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Taken from the barrier around Council works in Steele Park Marrickville South

Around 85% of rainwater that falls on a typical large city will flow into stormwater drains. Our stormwater drains in Marrickville LGA are around 100 years old &, in many areas, totally incapable of managing heavy or prolonged rain. Now that more people will be moving into the area, our ancient drains are going to become a significant problem. Replacing them is a costly nightmare.

Usual type of road flooding in the Inner West

By their nature cities cause stormwater problems because the majority of the surfaces are covered by concrete or bitumen.  You only need to drive around Marrickville LGA when it is raining to see that the stormwater drains cannot cope when it rains.  Substantial volume of water builds up along gutters.  In a heavy downpour many of the streets of the Inner West become dangerously flooded. Half a road can be 30 cms deep in water.  While in the short-term this is great for any nearby street trees, it is not so great for infrastructure, the Cooks River or the safety of drivers.

Many cities worldwide have the problem of old & inadequate stormwater drains. Some of them are tackling the problem in a simple but creative way by replacing bitumen & cement with permeable surfaces. The US city of Chicago has started a Green Alley Program. Mind you, environmental programs that address global warming & create a sustainable, more livable city, are fast making Chicago the ‘greenest’ city in the world.

New permeable paths recently created by Marrickville Council in Steele Park Marrickville South

Chicago’s Green Alley Program established in 2007 is laying permeable surfaces in their 3,058 km (1,900 miles) of alleyways. All up this amounts to 14,163,997 sq metres (3,500 acres) of impermeable concrete in 13,000 alleys. These figures make it much easier for me to imagine the positive impact.

Another issue for Chicago was untreated stormwater flowing into Lake Michigan, affecting water quality.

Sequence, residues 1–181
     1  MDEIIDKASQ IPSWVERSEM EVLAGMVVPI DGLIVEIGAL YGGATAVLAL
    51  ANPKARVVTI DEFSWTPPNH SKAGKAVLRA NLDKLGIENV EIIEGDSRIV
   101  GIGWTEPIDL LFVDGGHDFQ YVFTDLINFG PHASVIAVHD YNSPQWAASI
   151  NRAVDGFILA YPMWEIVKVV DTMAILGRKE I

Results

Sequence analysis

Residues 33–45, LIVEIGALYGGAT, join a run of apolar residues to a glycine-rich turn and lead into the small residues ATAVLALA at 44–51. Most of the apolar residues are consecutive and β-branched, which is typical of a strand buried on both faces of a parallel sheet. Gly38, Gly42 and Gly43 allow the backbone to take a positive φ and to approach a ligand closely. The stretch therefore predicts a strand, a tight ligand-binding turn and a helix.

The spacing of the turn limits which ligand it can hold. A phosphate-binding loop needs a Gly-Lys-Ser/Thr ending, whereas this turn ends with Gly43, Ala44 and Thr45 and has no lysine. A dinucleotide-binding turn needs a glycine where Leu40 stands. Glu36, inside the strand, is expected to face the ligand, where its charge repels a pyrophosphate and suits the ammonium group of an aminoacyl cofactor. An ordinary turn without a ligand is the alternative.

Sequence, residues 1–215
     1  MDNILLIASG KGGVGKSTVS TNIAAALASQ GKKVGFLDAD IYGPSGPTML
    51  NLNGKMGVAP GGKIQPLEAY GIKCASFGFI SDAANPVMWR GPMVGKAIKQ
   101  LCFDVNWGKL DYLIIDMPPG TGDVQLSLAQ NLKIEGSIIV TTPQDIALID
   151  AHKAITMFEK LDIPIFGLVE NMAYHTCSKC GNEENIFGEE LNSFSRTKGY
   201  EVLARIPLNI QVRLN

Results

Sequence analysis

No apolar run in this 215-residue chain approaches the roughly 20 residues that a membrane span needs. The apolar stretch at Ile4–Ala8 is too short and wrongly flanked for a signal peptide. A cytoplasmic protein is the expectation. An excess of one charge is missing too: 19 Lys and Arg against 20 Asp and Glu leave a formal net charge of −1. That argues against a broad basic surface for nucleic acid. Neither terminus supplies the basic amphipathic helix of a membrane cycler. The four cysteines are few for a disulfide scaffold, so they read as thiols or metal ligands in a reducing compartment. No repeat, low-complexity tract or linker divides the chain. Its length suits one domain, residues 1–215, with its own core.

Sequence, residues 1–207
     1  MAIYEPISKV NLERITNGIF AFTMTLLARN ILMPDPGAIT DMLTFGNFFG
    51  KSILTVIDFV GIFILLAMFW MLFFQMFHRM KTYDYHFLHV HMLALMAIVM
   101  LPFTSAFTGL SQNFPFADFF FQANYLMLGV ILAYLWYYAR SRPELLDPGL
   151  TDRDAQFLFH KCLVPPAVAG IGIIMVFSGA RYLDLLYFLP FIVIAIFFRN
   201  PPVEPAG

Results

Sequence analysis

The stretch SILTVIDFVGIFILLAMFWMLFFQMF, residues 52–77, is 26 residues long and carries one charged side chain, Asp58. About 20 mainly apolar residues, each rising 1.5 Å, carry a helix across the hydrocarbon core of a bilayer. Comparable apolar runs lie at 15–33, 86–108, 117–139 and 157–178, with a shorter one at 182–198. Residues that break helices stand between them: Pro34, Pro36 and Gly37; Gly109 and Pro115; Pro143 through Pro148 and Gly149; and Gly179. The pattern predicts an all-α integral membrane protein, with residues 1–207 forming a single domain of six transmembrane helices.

Permeable surfaces prevent around 80% of water from rushing into stormwater drains by allowing most of the rainfall to flow naturally into the ground. This is important for many reasons, including topping up the groundwater table.

Impermeable surfaces are replaced with crushed rocks, recycled slag or recycled crushed concrete, or, with pavers designed to channel water into the ground. Alleys are still suitable for use by all sorts of vehicles, including bikes & by pedestrians. They won’t become muddy or trap cars in boggy ground.

Additionally, the products that make permeable surfaces in the green alleys are light in colour (high albedo) with light reflecting qualities. They reflect rather than absorb sunlight, significantly lessening the Heat Island Effect.  They also make dark areas brighter at night, as they reflect moonlight & potentiate any street lighting.

Permeable path in Sydney Park

What I find really exciting about Chicago’s Green Alley Program is that they see green alleys as an improvement to people’s quality-of-life.  They work with the cooperation of residents to encourage use of alleys  as an extension of living space where appropriate. Obviously some alleys are frequented by traffic, but others are a rarely frequented space used mainly for the placement of garbage bins. We have the same situation in Marrickville LGA as well as the old ‘dunny runs.’

Chicago encourages planting small bird-friendly native gardens along the edges of alleys & also encourages planting shade trees at the back of people’s property to create shade in the alley. Where it’s appropriate they install rain gardens to capture roof water from a downward pipe that would usually channel rainwater collected from the roof onto the road surface. They also install water tanks & bio-swales where appropriate.

Most alleys have community compost bins for everyone to use.

Expensive? Well yes & no. Obviously staff time is expensive, but there are many ways to start employment programs where the costs are kept down whist giving people a chance to learn a skill. Rainwater tanks are expensive, but this could change.  I imagine bio-swales are expensive to create, however a small rain garden isn’t & the plants could be grown at the community nursery.  Good topsoil around the edges of alleys to encourage residents to plant the area & care for it isn’t too expensive either.

Permeable surfaces in Chicago alleys were costed at around US$45/sq yard.  This has got to be comparable with laying impermeable surfaces.